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New perspectives to save cultural heritage
Altan, M. Orhan

CIP A 2003 XIX th International Symposium, 30 September-04 October, 2003, Antalya, Turkey
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A subset of 10 Rollei images covering a part of the first
courtyard was selected to compare the 3-D reconstruction
process normally used in close-range photogrammetry with
methods preferably applied in computer vision. The digital
images were taken parallel to the object facade having
relatively short distances between the camera positions. Image
data were obtained by manual pointwise measurement within
the AICON DPA-Pro and PhotoModeler software. Then,
interior and exterior orientation parameters as well as 3-D
coordinates of object points were determined by self
calibrating bundle adjustment. Fig. 3 shows the result of the
visualization of this part of the castle.
Figure 3. Wartburg Castle: Part of the first courtyard
The goal of this part was to investigate, whether a sequence of
images, for which the only thing known is, that they are
perspective and that they mutually overlap, is enough for a
metric reconstruction of the scene. Additionally we were
interested to compare the automatically computed camera
calibration information to given calibration information.
4.1 Sequence Orientation Based on the Trifocal Tensor
While other approaches use image pairs as their basic building
block (Pollefeys, 2002), our solution for the fully automatic
orientation of an image sequence relies on triplets which are
linked together (Hao and Mayer, 2003). To deal with the
complexity of larger images, image pyramids are employed. By
using the whole image as search-space, the approach works
without parameter adjustment for a large number of different
types of scenes.
The basic problem for the fully automatic computation of the
orientation of images of an image sequence is the
determination of (correct) correspondences. We tackle this
problem by using point features and by sorting out valid
correspondences employing the redundancy in image triplets.
Particularly, we make use of the trifocal tensor (Hartley and
Zisserman, 2000) and RANSAC (random sample consensus;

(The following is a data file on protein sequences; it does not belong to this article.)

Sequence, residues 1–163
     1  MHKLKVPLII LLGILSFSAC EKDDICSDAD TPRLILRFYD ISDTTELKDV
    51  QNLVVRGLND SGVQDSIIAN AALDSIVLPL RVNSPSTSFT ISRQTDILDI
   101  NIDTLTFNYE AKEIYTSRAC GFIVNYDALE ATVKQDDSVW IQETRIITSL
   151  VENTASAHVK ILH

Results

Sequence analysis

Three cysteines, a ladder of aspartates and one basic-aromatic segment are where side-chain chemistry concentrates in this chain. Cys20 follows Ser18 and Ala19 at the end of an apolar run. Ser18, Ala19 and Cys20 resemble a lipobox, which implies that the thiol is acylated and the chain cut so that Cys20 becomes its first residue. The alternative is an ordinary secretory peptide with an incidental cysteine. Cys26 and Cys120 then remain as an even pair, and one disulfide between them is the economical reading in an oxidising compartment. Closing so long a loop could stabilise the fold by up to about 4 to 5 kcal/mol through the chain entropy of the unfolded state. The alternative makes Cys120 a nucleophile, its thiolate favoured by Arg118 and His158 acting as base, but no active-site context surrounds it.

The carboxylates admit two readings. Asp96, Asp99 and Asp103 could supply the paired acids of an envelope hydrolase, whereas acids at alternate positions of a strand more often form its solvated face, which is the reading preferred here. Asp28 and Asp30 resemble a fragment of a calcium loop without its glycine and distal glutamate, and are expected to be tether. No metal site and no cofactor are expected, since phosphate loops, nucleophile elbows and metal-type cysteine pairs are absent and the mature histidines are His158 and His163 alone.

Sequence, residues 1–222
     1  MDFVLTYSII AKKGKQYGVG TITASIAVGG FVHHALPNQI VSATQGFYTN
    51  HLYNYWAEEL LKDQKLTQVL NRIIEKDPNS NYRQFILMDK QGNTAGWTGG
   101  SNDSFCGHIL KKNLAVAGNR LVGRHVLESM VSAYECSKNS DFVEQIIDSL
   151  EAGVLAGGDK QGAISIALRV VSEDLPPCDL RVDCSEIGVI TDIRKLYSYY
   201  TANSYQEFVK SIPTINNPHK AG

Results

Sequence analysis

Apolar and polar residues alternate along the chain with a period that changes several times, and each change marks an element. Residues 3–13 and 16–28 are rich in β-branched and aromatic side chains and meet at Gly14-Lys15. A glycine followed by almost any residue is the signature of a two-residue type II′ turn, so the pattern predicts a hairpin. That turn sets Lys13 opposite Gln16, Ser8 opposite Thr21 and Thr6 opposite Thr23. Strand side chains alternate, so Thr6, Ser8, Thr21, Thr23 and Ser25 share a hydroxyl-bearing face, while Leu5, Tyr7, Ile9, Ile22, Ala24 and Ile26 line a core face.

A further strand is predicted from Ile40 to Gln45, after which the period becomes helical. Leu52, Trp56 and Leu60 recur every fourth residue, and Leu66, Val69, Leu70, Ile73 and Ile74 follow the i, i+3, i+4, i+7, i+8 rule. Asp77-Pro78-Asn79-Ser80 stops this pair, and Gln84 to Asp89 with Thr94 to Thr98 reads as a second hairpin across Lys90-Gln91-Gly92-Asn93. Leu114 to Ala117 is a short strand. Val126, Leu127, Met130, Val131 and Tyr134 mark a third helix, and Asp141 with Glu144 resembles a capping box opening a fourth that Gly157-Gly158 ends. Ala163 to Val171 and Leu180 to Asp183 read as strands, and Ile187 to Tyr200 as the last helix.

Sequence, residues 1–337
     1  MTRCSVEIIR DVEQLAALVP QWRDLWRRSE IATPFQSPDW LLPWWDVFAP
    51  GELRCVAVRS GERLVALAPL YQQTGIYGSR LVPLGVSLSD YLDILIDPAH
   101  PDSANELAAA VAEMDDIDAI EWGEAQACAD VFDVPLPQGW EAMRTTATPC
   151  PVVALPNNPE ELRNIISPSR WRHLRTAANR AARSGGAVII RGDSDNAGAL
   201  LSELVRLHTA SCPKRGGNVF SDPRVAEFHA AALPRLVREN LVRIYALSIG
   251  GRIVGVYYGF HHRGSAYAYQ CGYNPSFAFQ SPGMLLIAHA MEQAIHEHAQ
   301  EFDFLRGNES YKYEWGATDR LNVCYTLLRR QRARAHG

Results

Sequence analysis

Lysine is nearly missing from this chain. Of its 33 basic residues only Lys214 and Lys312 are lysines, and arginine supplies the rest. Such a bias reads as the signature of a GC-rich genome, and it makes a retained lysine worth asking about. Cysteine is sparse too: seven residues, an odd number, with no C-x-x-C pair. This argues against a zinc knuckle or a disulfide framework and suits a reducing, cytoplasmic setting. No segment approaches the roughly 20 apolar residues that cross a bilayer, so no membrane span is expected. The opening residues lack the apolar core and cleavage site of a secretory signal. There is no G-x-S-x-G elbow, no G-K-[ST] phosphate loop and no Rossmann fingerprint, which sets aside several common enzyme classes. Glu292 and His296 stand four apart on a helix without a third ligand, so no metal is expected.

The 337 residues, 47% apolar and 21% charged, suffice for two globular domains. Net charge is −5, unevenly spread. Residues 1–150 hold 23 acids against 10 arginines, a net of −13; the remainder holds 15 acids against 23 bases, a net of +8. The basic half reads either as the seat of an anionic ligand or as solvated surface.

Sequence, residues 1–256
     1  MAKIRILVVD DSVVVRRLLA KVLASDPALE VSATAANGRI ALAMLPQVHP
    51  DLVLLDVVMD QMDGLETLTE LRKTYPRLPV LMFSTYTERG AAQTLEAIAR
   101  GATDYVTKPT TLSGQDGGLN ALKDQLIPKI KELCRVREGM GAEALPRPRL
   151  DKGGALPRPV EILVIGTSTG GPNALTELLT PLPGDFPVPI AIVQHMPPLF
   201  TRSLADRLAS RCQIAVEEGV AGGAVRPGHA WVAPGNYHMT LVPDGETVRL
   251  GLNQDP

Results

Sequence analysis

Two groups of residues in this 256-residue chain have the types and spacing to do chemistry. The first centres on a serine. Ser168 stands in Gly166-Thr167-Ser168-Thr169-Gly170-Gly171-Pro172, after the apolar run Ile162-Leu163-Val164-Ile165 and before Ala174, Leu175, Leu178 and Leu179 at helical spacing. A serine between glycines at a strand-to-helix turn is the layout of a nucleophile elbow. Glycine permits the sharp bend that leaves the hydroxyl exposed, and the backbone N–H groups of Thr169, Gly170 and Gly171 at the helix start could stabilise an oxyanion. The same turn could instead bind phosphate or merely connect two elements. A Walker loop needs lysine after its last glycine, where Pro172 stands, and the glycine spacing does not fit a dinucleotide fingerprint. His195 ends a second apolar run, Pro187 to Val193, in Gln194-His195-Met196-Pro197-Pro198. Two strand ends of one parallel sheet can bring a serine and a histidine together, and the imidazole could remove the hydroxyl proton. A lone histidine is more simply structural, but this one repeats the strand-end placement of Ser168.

Fischler and Bolles, 1981). Like the fundamental matrix for
image pairs, the trifocal tensor comprises a linear means for
the description of the relation of three perspective images.
Only by the linearity it becomes feasible to obtain a solution
when no approximate values are given. RANSAC, on the other
hand, gives means to find a solution when many blunders
Practically, first points are extracted with the Forstner
operator. In the first image the number of points is reduced by
regional non-maximum suppression. The points are then
matched by (normalized) cross-correlation and sub-pixel
precise coordinates are obtained by least squares matching. To
cope with the computational complexity of larger images, we
employ image pyramids. On the coarsest level of the image
pyramid, with a size of approximately 100 x 100 pixels, we use
the whole image size as search space and determine
fundamental matrices for image pairs. From the fundamental
matrices, epipolar lines are computed. They reduce the search
space on the next level. There, the trifocal tensor is
determined. With it a point given in two images can be
projected into a third image, allowing to check a triple of
matches, i.e., to sort out blunders. For large images, the
trifocal tensor is also computed for the third coarsest level. To
achieve highly precise and reliable results, after the linear
solution projection matrices are determined and with them a
robust bundle adjustment is computed for the pairs as well as
for the triplets.
To orient the whole sequence, the triplets are linked. This is
done in two steps. First, the image points in the second and
third image of the nth triplet are projected into the third image
of the n plus first triplet by the known trifocal tensor for the n
plus first triplet. As the (projective) 3D coordinates of the nth
triplet are known, the orientation of the third image in the
projective space of the nth triplet can be computed via inverse
projection. To obtain high precision, a robust bundle
adjustment is employed. In the second step. 3D coordinates in
the coordinate system defined by the nth triplet are determined
linearly for all points in the n plus first triplet that have not
been computed before. The solution is again improved by
robust bundle adjustment. Starting with the first image, this
incrementally results into the projective projection matrices for
all images as well as in 3D points. After having basically
oriented the sequence on the two or three coarsest levels of the
image pyramid, finally, the 3D points are projected into all
images via the computed projection matrices. The resulting
points are then tracked over one or two levels through the
Figure 4 gives results for the first four images of the sequence
taken with the Rollei d30 metric 5 camera. One can see that the
points have been tracked pretty well even for the wall close to
the camera, where the disparities are rather large. For the
whole sequence of ten images we have obtained 56 10-fold, 41
9-fold, 91 8-fold, 71 7-fold, 55 6-fold, 30 5-fold, 41 4-fold,
and 44 3-fold matches after robust adjustment with a standard
deviation of 0.08 pixels.